Lincoln has more than its fair share of songs that demonstrate that TMBG’s irreverence and oblique wordplay is usually gesturing at something quite poignant.
In a career that’s spanned over 30 years, it’s astonishing that They Might Be Giants’ “Ana Ng,” the opening track and lead single from their sophomore album Lincoln, has maintained its status as not only the pinnacle of John Linnell and John Flansburgh’s catalogue but also as one of the most unassailable gems of underground music. This is essentially a love song for a simulacrum of a person who never even makes an appearance. It’s a collection of side-long glances that capture the way desire manifests itself in life’s tiniest details and missed connections: A warm yet empty bench in the DuPont pavilion, fragmentary memories of the ‘64 World’s Fair, an anonymous love letter scrawled on the side of a bridge, all spliced together and centered around a name picked out of the phone book. Linnell’s knotty melody winds tightly around the sharp, punchy interplay of the rhythm guitar and a strummed dulcimer while an accordion shimmers beneath the surface. In a way, the song embodies everything that makes Lincoln such a special moment in the band’s sprawling discography.
While on the platinum-selling Flood the Johns would go on to craft a more robust and colorful sound palette, there’s something delightfully churlish about how bright and brittle Lincoln’s songs are. This is due in part, of course, to their infamous synthetic rhythm section courtesy of an Alesis HR-16 drum machine. But these 18 songs are far from robotic. On “The World’s Address” Flansburgh crafts a more than danceable salsa tune as he explores his “Sad pun that reflects a sadder mess,” and on “Where Your Eyes Don’t Go” Linnell attends to a metaphysical crisis in an elliptical, swaying 6/8. On the opposite end of the spectrum is the chaotic, arrhythmic “You’ll Miss Me,” perhaps the most discordant song the band has ever recorded. Off-key saxophones ricochet off one another to create an unsettling squall—a reminder that TMBG were active in the same New York scene as bands like James Chance and the Contortions, Swans and Lydia Lunch.
They Might Be Giants often get pegged as merely a novelty act or a comedy band, but Lincoln has more than its fair share of songs that demonstrate that their irreverence and oblique wordplay is usually gesturing at something quite poignant. While it’s not totally clear what’s happening in songs like “Piece of Dirt” or “I’ve Got a Match,” there’s no denying the simple beauty of lines like “A woman’s voice on the radio can convince you you’re in love/ A woman’s voice on the telephone can convince you you’re alone” or “I’ve got a match, your embrace, and my collapse.”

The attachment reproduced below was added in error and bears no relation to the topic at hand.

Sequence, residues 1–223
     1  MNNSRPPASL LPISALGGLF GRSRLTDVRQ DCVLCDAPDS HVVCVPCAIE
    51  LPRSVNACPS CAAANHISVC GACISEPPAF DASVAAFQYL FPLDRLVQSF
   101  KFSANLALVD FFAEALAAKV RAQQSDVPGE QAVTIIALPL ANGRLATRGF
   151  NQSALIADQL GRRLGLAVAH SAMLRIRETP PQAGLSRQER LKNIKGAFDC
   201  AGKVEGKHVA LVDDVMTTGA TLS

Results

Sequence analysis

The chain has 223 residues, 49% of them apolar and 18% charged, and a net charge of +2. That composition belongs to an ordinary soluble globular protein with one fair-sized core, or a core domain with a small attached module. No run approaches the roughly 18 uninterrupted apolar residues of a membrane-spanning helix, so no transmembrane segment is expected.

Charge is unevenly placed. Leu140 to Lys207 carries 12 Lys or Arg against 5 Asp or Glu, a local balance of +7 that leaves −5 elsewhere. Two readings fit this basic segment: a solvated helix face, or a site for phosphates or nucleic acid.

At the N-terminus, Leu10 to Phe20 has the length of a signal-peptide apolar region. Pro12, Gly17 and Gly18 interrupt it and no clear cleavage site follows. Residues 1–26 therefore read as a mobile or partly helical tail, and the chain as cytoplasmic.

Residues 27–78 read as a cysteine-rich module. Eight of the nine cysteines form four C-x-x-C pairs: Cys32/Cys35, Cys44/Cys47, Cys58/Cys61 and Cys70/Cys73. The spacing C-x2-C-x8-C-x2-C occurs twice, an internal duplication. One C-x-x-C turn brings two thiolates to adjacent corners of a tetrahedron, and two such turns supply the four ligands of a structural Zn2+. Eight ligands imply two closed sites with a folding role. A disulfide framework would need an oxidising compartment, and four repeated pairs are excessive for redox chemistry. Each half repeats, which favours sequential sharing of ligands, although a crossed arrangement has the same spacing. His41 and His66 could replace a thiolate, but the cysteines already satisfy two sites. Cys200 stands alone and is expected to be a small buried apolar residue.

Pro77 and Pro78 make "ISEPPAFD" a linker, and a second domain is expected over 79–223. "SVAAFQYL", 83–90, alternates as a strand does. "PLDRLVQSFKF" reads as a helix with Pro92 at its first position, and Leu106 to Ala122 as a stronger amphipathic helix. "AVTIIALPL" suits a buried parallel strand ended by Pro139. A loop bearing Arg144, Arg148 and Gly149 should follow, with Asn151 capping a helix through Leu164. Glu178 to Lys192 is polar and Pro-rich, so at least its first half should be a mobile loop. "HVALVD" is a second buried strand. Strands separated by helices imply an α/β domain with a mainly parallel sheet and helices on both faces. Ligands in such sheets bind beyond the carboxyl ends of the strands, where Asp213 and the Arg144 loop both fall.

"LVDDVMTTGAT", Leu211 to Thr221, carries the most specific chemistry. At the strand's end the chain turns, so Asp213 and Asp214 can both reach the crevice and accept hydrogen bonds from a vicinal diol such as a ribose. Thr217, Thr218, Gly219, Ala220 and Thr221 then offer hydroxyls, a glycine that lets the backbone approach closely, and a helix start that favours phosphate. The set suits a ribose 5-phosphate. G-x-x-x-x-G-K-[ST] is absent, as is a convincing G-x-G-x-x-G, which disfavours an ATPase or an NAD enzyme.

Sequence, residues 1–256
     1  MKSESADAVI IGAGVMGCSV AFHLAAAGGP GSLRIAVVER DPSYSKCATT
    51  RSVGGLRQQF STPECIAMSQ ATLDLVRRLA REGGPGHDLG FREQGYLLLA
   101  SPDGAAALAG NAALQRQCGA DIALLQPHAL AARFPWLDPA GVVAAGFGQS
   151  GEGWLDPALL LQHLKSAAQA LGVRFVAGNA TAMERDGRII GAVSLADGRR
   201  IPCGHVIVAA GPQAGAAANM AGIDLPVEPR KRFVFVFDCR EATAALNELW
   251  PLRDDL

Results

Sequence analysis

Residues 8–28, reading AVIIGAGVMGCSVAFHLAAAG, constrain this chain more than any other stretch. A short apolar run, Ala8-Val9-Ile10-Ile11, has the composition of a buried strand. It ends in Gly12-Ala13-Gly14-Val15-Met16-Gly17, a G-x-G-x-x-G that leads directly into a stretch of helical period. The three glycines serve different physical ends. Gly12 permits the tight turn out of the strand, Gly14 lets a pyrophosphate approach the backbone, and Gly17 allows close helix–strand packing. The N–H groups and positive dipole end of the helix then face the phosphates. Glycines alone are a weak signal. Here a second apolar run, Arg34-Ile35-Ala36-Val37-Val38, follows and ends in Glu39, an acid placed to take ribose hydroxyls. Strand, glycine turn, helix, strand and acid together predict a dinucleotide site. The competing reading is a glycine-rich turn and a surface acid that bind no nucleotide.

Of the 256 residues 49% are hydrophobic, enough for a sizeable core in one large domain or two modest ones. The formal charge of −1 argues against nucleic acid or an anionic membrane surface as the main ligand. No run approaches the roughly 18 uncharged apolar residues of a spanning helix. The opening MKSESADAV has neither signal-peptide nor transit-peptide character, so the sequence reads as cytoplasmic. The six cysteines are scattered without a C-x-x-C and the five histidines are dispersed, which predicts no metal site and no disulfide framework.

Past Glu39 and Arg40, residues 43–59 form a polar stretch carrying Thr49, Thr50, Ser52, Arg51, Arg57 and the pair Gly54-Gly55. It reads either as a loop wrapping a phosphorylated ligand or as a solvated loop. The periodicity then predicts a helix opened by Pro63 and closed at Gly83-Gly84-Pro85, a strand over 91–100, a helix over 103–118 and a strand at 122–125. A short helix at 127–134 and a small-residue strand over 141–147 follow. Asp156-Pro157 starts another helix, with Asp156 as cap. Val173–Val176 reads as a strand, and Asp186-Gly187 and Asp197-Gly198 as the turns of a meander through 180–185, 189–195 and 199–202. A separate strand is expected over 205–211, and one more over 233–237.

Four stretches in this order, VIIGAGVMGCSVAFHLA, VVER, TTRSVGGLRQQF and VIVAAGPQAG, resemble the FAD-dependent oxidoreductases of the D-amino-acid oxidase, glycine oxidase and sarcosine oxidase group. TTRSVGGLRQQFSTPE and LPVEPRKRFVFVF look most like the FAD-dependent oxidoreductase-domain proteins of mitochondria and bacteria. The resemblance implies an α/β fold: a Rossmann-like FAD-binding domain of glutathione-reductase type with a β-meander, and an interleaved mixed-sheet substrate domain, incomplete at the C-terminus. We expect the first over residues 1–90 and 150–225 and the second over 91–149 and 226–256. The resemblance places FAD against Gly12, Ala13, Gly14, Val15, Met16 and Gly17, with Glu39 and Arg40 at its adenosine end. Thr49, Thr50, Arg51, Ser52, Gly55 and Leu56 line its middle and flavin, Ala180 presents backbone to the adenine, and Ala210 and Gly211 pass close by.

Take “Snowball in Hell,” one of Flansburgh’s finest songs. While his voice is usually somewhat unwieldy, he sounds like a crooner singing of avalanches, roadblocks, a jailer trapped in his cell. His wildly imaginative writing is often intentionally overblown, but here he strikes on something gentle and breezy, puns and clichés lacking a clear agenda. At times, the song has the feel of a parable; the aphorisms pile up and seem to want to point somewhere, at some moral or lesson, but instead we hear his words as strange combinations of signifiers whose meanings bleed into one another, leaving us with an odd watercolor of nonsense. So when we reach the sample of two men talking about sales and efficiency (“Back on that old ‘Time is Money’ kick, right?/ Not back on it Joe, still on it“) the mundanity of the exchange is made wonderfully alien by association.
It’s easy to put the band on an idiosyncratic pedestal. Given the unexpected success of Flood and the songwriters’ genuinely original style, you get the impression that they appeared as if from nowhere and sounded unlike anyone else. But buying into that impression would be doing them a great disservice. If Lincoln shows us anything, it’s that, especially at the beginning of their career, They Might Be Giants were very much a product of their time and place. They synthesized the synthetic bliss that dominated the pop charts and the surly chaos of their art-rock peers, all with a ruthless, jubilant intelligence. Perhaps it would be better to say that They Might Be Giants came from everywhere and sounded like everything—i.e.: exactly like themselves.